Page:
I am so ready to have a new book published. This is another source of frustration. I still have no idea when The Tangled Muse will see print from Centipede Press. I may have to wait until early Spring to see a new book out, and that seems a long ways away. I am now trying to complete two collaborative stories. I am writing a story for Arkham Nightmares with Maryanne, and she has very definite ideas about what makes a story work. I am also working with a new collaborator, Jacob Orloff, who has written a fine collection of weird fiction that he allowed me to read. He is a very young writer but already has a fairly solid style and a rich imagination, and I am determined to have the story I am writing with him completed by this month.
I hope to find my energy again. I think I became too over-confident at the end of last year, when I wrote Some Unknown Gulf of Night in six weeks -- it made me feel like I can do anything, when in truth the writing of that wee book was a freakish incident of amazing inspiration. It's not the kind of thing one can replicate at will.
Arcane Wisdom has announced and are taking pre-orders for the first volume of S. T. Joshi's two-volume set of Lovecraft's revisions and collaborations. It is going to be a fabulous set! You may place pre-orders at Horrormall.
Friday, February 4, 2011
However -- something in my psyche has alter'd and transform'd. I have become a creature of -- ambition. One of my artistic poses has been to pretend I do not care if my books are "popular" -- "I write because I must, and whatever happens afterward is immaterial, let they who want to read my books do so, it matters not how many they number." In saying this I am merely aping Lovecraft, of course -- and he cared more than he let on, as do I. Writers are sometimes great babies. We weep for love. We are so easily wounded. Bad reviews, rejection of work, drives us mad. We have our goals and dreams. Our ambitions. My ambition, early on, was to become an acclaimed writer of modern Cthulhu Mythos fiction. Later on I became obsess'd with having my fiction praised my S. T. Joshi, the only critic whose opinion means anything to me. But with the writing of Some Unknown Gulf of Night, I have a new mantra: "I want this book to be wildly successful!" I have never thought such a thing, and it rather shocks me to think it now -- but there it is. My idea of "success" has always been rooted in critical success, not commercial success. This is still true, although I am now hopeful to actually make a bit more money from my writing. I have worked so diligently to create interesting and worthy additions to the genre of Lovecraftian horror, but to do so in my own weird way, with works that are perversely mine own. I am that ridiculous creature, a man who has both confidence in his abilities and yet profound doubts concerning their worth. The confidence comes from my intentions -- I am dead serious in my approach to writing, & I consider my writing my Art. The doubts come from looking at my work and sighing, "Oy, is this the best you can do?" I consider my imagination extremely adolescent, and I try to disguise that fact with a magnificent prose style.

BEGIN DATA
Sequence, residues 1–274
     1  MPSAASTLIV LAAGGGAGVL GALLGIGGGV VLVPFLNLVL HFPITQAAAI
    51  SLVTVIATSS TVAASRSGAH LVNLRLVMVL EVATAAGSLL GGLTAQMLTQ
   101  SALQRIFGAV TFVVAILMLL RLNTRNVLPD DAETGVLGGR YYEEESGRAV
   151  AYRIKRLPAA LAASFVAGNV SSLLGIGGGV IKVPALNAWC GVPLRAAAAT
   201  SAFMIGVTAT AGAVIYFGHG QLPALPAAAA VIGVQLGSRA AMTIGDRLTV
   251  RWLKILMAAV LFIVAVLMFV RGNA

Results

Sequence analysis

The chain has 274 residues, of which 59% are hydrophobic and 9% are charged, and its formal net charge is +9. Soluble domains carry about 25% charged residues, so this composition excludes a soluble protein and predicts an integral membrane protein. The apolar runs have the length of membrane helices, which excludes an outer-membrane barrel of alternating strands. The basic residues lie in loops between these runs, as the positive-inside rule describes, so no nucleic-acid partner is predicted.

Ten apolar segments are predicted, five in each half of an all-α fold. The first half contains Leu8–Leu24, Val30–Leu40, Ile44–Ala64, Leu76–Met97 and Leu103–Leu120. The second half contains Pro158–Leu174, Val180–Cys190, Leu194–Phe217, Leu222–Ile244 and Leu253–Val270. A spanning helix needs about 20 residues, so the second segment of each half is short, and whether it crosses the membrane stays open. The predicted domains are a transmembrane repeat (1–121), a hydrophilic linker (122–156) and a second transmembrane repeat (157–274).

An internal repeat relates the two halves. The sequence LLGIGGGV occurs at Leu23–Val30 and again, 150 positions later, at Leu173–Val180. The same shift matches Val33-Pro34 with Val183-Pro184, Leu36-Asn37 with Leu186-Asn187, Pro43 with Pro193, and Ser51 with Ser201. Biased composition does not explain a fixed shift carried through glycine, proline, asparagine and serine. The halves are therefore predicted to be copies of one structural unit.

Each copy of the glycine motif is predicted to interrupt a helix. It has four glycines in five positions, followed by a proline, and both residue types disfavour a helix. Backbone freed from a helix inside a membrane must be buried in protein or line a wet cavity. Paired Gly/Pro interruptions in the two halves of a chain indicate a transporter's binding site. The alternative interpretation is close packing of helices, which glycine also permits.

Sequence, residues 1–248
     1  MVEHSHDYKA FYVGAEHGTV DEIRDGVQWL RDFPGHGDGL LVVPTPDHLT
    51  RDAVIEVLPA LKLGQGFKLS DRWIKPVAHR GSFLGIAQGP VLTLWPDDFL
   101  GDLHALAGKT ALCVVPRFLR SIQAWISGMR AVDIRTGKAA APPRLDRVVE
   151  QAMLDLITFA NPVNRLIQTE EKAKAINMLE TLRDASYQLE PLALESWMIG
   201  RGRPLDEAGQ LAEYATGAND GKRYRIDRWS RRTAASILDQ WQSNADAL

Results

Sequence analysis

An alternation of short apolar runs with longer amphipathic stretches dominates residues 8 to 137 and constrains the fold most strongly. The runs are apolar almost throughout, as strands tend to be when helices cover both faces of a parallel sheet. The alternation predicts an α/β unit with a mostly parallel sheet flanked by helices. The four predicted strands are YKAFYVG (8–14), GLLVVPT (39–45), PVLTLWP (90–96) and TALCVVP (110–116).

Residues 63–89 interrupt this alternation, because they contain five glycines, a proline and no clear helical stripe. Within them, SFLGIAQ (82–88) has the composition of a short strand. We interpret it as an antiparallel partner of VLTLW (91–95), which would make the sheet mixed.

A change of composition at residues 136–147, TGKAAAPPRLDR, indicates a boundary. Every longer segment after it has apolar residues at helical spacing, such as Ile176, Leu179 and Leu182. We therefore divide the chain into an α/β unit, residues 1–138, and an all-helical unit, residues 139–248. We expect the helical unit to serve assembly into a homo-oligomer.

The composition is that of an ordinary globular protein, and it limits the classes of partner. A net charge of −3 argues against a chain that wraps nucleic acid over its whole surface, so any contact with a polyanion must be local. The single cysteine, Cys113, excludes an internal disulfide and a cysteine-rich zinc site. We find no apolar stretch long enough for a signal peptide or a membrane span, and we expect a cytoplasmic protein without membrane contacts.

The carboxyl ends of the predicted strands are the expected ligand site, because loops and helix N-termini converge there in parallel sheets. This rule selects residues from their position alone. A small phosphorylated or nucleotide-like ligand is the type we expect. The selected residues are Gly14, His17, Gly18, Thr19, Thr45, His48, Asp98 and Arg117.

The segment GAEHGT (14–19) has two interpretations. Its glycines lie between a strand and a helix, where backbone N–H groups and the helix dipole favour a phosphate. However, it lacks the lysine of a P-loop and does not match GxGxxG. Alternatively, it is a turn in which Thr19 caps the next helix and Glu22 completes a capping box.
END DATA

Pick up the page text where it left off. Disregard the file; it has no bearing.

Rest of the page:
So. I shall probably have four books published this year. That is absurd because it means that people who cannot buy more than one of them will have to choose. If I may influence, I would say, if you can buy but one of my books this year, let it be Some Unknown Gulf of Night from Arcane Wisdom. It is the book that is completely new, sans reprints of any kind. It is my perfect realization of my current obsession with the writing of prose-poem/vignette sequences. It is the book of mine in which I try to be audaciously artistic. I am dying to discover what my readers think of it. I hope it pleases. I want it to be a wild success.
Now, hopefully some day this month I can discover again that driving need to create. It is the work that saves my sanity and soul.